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Alleged Discrepancies

Does God Need to Rest?

by Kyle Butt, M.Div.

In many verses of the Bible, God is described as omnipotent or all-powerful. In Genesis 17:1, God describes Himself to Abraham by saying, “I am Almighty God.” Abraham’s son, Isaac, in blessing his son Jacob, said: “May God Almighty bless you….” The omnipotent nature of God can be seen throughout the Bible. The psalmist wrote: “Great is our Lord, and mighty in power; His understanding is infinite” (Psalm 147:5). From such verses, we get the idea that God can do anything that can be accomplished with power. We also get the idea that God’s power never runs out, and He does not get tired. As Isaiah wrote: “Have you not known? Have you not heard? The everlasting God, the Lord, the Creator of the ends of the earth, neither faints nor is weary” (40:28).

But, if God does not get tired, why does the Genesis account of Creation say that “on the seventh day God ended His work, which He had done, and He rested on the seventh day from all His work which He had done” (Genesis 2:2, emp. added)? What does the Bible mean when it says that God rested? Were the rigors of creating the Universe so difficult for God that He needed a break? Did His creative power need to be rejuvenated? And, does this “resting” not militate against the idea that God does not “faint nor is weary?” The answers to these questions are really very simple.

When we hear the English verb “rest” most of us immediately think of being tired or needing to recuperate drained energy, but the Hebrew translated “rest” in Genesis 2:2 does not always carry that same idea. In fact, the first two definitions given for the Hebrew word translated “rest” (shābat or shābath) are to “cease, desist.” The Enhanced Strong’s Lexicon documents that, of the 71 times it is used, 47 of those times it is simply translated “cease,” and only 11 of those times is it translated “rest” (“Shabath,” 1995). The Theological Wordbook of the Old Testament states: “The translation ‘to cease, desist’ can be illustrated in the following verses: ‘Day and night shall not cease’ (Genesis 8:22)….” (Harris, et al., p. 902).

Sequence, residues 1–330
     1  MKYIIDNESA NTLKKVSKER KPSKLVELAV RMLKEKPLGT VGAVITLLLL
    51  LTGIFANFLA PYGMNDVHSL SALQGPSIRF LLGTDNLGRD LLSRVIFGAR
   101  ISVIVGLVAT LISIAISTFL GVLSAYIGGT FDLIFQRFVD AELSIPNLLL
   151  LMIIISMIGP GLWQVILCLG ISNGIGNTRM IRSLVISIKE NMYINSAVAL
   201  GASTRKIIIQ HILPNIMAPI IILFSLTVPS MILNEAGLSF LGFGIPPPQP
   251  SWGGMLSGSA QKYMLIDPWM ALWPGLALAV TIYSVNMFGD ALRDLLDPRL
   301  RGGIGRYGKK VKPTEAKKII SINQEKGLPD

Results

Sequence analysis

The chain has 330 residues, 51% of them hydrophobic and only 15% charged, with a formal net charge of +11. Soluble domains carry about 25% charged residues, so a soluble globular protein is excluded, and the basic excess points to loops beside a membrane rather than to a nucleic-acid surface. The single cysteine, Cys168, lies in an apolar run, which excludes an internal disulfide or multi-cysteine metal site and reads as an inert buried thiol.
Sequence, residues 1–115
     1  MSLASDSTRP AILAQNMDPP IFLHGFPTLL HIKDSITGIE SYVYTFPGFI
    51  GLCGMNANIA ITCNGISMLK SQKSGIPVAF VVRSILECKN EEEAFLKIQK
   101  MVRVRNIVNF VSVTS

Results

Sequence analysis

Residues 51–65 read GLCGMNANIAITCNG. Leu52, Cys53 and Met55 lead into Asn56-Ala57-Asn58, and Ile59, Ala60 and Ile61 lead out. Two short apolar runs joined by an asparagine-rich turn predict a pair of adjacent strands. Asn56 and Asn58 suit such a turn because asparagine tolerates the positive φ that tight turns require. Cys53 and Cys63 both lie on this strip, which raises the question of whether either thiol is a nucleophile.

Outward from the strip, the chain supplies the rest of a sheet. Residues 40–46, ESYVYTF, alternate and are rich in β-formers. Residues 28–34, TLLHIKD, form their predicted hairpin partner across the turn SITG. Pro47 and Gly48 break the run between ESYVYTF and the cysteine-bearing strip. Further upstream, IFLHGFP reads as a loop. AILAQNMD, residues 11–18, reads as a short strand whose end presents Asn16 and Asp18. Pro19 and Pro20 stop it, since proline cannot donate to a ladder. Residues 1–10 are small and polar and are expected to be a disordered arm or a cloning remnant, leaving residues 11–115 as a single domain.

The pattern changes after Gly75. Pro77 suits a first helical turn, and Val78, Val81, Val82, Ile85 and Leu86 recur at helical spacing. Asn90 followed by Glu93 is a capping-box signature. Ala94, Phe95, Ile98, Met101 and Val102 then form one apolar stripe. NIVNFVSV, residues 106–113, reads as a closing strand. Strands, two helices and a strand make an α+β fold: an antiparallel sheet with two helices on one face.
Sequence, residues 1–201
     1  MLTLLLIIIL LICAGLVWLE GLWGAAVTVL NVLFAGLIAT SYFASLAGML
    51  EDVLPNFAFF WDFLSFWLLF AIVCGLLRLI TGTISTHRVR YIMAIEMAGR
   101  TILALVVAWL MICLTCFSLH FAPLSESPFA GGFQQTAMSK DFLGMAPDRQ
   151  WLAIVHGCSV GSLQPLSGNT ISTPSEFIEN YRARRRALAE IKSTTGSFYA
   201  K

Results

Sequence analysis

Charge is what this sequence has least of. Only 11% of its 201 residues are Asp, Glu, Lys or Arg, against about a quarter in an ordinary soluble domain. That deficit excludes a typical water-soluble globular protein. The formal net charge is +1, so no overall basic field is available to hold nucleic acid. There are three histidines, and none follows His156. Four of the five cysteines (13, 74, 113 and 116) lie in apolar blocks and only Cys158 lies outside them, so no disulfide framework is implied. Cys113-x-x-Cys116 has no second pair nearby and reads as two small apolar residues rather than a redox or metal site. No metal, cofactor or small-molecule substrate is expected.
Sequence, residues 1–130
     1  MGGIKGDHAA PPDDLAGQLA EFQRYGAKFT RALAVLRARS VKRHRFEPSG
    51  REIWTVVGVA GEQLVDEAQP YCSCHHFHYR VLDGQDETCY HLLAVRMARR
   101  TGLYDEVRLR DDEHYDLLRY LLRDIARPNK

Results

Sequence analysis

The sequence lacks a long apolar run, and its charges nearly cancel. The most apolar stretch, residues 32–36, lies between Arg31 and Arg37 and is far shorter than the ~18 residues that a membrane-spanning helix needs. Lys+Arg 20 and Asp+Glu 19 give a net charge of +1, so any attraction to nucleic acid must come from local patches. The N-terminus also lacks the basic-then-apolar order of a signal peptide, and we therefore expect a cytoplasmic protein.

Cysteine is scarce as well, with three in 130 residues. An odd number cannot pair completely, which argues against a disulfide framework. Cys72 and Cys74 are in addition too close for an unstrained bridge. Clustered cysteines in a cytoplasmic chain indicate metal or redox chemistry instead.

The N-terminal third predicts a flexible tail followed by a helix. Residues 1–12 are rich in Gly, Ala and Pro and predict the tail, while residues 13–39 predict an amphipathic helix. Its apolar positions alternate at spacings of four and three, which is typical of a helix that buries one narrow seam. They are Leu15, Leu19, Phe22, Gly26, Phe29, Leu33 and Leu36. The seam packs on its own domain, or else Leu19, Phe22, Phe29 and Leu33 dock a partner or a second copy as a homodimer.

A brief look at the original word translated “rest” or “rested” shows that God did not get tired, nor did He need a day to convalesce or build up His strength. He simply stopped creating the Universe. He finished in six days and stopped on the seventh day to set a pattern for a seven-day week. God does not need to rest or relax, because He “neither faints nor is weary.” In dealing with questions like this, sometimes a brief look at the original language can go a long way.


Harris, R. Laird, Gleason Archer Jr. and Bruce Waltke, eds. (1980), Theological Wordbook of the Old Testament (Chicago, IL: Moody).

“Shābath” (1995), Enhanced Strong’s Lexicon (Electronic Database: Logos).

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